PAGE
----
While my trial Firefighters watched I ran to the window and did a high leap over the 14 inch ledge. As I was in mid flight at the top of an arc, not yet starting down, I heard a clip snap. As I passed the fourth floor the rope did not hitch up. I knew immediately the only thing that was going to hold me to the rope were my two gloved hands in front of me. I let out a yell which was part of the program. The third floor shot by and I was not slowing up. Like a ping pong player who hits a defensive slam by conscious reflex I took action. I brought my feet under me into a “pike position” like a diver coming off a spring board. I was choking that skinny rope with all my might. The decent angle was directly at the steel sewer cover and this time it looked like I was going to miss the safety net and hit it dead center.

I must have done something right because I slammed into the first foot of the new nylon net. Because the nylon net gave a greater stretch than the old hemp rope net, which we recently replaced, I was able to roll with the impact and lay flat for a moment. I got up and felt no pain except for a strain to my right leg calf. I rolled off the five foot high net and walked up to the fifth floor where my wide eyed trainees were waiting. They were sure this was not the right way to dive out the window. I told them the click they heard was a coil in the rope causing just the right tension to unlock the rope from the hook. Because the clip is spring loaded  it opens to any pressure.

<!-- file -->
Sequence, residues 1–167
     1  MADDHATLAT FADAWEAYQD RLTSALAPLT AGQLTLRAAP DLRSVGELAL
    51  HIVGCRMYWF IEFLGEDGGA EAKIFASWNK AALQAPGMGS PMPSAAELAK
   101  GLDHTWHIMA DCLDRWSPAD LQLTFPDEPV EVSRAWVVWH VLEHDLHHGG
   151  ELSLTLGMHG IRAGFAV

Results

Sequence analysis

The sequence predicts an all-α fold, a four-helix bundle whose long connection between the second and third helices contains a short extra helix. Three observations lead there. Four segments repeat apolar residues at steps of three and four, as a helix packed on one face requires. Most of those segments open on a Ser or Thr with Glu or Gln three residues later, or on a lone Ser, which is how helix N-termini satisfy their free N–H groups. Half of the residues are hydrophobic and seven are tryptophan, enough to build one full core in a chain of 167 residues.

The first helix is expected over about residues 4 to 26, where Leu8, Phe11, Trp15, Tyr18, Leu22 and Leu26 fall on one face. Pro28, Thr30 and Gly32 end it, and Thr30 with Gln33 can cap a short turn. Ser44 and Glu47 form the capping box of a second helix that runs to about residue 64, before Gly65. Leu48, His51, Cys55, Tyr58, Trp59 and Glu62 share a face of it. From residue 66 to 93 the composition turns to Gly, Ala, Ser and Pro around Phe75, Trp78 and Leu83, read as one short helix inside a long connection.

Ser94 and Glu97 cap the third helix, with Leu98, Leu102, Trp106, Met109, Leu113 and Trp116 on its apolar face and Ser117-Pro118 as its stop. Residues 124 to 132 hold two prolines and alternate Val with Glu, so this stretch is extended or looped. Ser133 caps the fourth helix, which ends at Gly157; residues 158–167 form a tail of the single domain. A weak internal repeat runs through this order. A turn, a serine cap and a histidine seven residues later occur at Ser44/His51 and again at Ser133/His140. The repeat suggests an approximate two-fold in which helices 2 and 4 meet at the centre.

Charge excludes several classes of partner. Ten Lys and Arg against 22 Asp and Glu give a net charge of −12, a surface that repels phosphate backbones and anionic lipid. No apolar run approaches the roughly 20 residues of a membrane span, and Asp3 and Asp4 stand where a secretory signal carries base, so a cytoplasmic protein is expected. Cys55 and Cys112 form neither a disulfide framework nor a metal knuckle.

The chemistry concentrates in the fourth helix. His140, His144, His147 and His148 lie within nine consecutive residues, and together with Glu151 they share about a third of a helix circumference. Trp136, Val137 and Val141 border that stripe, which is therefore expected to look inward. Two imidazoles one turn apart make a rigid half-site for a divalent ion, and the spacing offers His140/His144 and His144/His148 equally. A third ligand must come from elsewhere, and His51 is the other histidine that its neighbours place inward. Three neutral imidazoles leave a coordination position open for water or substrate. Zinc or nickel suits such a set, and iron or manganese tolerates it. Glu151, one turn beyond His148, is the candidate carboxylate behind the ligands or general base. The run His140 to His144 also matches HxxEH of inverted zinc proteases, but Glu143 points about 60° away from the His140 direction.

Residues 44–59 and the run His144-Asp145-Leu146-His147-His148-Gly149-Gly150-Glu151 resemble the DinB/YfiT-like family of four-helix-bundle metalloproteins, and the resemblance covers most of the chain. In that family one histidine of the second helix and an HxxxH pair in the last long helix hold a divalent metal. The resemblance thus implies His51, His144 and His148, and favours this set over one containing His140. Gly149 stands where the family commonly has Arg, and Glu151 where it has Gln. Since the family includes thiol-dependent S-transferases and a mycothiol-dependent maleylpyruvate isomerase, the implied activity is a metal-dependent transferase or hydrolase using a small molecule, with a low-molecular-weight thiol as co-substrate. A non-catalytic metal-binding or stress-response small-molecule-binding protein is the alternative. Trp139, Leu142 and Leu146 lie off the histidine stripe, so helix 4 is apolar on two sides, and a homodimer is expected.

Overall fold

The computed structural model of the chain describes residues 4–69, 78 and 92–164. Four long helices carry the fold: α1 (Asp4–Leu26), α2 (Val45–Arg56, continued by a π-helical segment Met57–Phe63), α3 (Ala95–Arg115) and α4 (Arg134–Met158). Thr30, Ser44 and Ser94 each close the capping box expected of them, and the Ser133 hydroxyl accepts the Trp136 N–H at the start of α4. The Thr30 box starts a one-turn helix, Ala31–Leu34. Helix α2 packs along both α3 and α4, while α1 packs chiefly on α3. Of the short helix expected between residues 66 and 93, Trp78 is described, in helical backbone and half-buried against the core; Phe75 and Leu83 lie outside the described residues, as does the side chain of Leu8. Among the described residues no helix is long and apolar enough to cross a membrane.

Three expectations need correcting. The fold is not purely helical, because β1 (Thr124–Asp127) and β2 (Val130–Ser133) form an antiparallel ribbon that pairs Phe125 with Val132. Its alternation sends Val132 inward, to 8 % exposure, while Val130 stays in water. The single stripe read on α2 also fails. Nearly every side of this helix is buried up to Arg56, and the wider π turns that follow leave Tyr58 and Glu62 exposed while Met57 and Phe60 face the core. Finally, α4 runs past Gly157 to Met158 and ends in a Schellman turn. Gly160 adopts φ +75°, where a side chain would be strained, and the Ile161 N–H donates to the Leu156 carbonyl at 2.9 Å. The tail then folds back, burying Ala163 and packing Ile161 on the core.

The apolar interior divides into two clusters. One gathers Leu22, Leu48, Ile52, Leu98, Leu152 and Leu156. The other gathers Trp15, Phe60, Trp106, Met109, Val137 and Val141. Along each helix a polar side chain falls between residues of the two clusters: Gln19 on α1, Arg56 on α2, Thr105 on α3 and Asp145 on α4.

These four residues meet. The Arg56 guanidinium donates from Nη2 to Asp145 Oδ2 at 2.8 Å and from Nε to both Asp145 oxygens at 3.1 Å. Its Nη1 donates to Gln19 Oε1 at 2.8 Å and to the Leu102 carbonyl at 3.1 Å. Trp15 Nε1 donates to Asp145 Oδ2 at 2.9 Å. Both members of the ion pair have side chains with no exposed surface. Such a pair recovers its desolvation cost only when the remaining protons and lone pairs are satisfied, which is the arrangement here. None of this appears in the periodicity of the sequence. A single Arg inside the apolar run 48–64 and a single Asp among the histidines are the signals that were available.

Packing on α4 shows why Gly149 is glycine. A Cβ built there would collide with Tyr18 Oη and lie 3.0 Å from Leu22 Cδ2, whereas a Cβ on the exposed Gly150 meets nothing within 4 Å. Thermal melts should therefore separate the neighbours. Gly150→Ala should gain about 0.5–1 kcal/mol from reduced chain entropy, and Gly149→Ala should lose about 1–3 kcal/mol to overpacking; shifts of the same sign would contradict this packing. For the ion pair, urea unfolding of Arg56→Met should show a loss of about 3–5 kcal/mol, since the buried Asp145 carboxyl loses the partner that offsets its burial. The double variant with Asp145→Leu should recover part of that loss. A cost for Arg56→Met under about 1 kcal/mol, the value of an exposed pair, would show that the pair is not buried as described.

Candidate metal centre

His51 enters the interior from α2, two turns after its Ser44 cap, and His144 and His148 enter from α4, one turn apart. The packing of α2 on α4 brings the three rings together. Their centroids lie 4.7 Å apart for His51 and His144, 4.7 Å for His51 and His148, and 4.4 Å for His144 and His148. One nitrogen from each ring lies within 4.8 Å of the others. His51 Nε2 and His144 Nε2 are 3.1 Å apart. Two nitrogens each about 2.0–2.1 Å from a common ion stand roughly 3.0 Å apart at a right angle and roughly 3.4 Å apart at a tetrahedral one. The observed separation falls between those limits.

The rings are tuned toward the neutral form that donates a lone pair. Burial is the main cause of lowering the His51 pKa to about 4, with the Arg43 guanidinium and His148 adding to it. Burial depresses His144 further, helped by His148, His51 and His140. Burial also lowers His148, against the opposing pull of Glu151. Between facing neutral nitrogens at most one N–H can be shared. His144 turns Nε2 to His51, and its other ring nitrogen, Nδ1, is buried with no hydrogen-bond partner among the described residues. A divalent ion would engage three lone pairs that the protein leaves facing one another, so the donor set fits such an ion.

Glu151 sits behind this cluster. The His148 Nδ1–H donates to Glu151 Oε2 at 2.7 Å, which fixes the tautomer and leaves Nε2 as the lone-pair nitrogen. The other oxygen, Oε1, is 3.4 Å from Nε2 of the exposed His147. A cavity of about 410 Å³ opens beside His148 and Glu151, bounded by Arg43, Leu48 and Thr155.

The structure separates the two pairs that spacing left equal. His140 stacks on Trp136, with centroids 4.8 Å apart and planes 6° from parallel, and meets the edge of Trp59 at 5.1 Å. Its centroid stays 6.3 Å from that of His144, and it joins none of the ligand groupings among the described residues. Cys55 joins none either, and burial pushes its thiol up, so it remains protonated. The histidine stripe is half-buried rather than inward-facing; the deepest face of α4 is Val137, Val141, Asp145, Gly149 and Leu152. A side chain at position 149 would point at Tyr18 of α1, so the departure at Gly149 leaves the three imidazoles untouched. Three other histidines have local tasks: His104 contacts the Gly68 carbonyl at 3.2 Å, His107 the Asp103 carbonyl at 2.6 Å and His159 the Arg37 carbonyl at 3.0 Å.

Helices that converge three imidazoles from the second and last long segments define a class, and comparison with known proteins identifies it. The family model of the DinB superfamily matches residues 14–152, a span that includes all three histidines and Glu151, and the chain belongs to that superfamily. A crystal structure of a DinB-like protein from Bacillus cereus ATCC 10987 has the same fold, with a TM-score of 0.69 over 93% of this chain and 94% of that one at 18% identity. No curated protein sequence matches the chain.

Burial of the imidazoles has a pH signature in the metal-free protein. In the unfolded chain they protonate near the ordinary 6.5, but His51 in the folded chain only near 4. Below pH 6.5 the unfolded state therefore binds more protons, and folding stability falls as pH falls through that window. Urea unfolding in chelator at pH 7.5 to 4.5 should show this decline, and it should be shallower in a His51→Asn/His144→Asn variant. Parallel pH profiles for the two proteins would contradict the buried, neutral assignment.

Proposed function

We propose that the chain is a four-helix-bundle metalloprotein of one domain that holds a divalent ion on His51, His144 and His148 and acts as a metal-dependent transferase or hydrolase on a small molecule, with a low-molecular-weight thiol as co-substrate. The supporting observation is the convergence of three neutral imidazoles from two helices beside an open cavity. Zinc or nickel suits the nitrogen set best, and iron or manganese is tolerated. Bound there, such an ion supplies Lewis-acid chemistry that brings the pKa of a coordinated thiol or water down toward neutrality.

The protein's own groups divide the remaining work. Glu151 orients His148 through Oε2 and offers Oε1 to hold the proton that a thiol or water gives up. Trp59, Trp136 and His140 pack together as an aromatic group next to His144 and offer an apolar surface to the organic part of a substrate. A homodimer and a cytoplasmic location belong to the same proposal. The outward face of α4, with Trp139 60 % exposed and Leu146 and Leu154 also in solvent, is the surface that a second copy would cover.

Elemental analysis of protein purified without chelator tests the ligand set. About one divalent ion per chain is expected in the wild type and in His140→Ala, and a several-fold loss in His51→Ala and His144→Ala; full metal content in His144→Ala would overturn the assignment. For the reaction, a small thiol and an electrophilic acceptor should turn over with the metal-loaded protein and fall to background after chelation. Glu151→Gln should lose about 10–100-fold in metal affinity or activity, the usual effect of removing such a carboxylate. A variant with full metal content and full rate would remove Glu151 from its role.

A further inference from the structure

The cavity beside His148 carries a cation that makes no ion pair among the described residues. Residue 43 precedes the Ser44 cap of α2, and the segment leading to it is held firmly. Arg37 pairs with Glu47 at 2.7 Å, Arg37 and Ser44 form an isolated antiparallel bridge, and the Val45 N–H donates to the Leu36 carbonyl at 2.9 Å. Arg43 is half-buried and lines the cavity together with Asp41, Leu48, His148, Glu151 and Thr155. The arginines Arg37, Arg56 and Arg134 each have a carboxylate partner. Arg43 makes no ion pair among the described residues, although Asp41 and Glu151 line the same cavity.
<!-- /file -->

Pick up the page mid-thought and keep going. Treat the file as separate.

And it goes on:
They found out that Firefighters are a special breed and what I expected out of them by my next action. I put the rope through the hook, gave it a loop, and rotated the Pompier belt around to my back. I grabbed the rope in front of me and dove out the window again. This time there was no click. At the fourth floor level the rope cinched up and my decent slowed properly. I landed on the nylon net about a foot from the wall and looked up at my trainees.  I said, “That is the way it is done.”

The training hour was over and I went into the Academy office for a cup of coffee. In the office the Chief of Training, Don Coster asked," What was that yell out in the drill hall?” I told him I was giving the graduation class dive training and I was yelling as we usually do. He said, “That first one didn't sound like the usual yell to me.” I didn’t reply.